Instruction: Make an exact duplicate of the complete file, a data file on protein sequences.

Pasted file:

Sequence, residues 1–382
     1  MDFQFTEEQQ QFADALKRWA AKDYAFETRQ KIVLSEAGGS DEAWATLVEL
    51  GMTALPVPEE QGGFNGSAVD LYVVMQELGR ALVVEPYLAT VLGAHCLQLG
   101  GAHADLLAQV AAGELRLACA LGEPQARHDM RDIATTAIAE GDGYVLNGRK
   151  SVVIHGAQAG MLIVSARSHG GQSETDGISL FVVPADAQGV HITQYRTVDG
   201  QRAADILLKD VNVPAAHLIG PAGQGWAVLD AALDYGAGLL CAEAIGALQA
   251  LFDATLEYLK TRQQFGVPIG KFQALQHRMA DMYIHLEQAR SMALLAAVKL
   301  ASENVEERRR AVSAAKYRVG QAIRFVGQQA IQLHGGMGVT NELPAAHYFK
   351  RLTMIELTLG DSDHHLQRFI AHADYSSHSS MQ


Sequence, residues 1–382
     1  MDFQFTEEQQ QFADALKRWA AKDYAFETRQ KIVLSEAGGS DEAWATLVEL
    51  GMTALPVPEE QGGFNGSAVD LYVVMQELGR ALVVEPYLAT VLGAHCLQLG
   101  GAHADLLAQV AAGELRLACA LGEPQARHDM RDIATTAIAE GDGYVLNGRK
   151  SVVIHGAQAG MLIVSARSHG GQSETDGISL FVVPADAQGV HITQYRTVDG
   201  QRAADILLKD VNVPAAHLIG PAGQGWAVLD AALDYGAGLL CAEAIGALQA
   251  LFDATLEYLK TRQQFGVPIG KFQALQHRMA DMYIHLEQAR SMALLAAVKL
   301  ASENVEERRR AVSAAKYRVG QAIRFVGQQA IQLHGGMGVT NELPAAHYFK
   351  RLTMIELTLG DSDHHLQRFI AHADYSSHSS MQ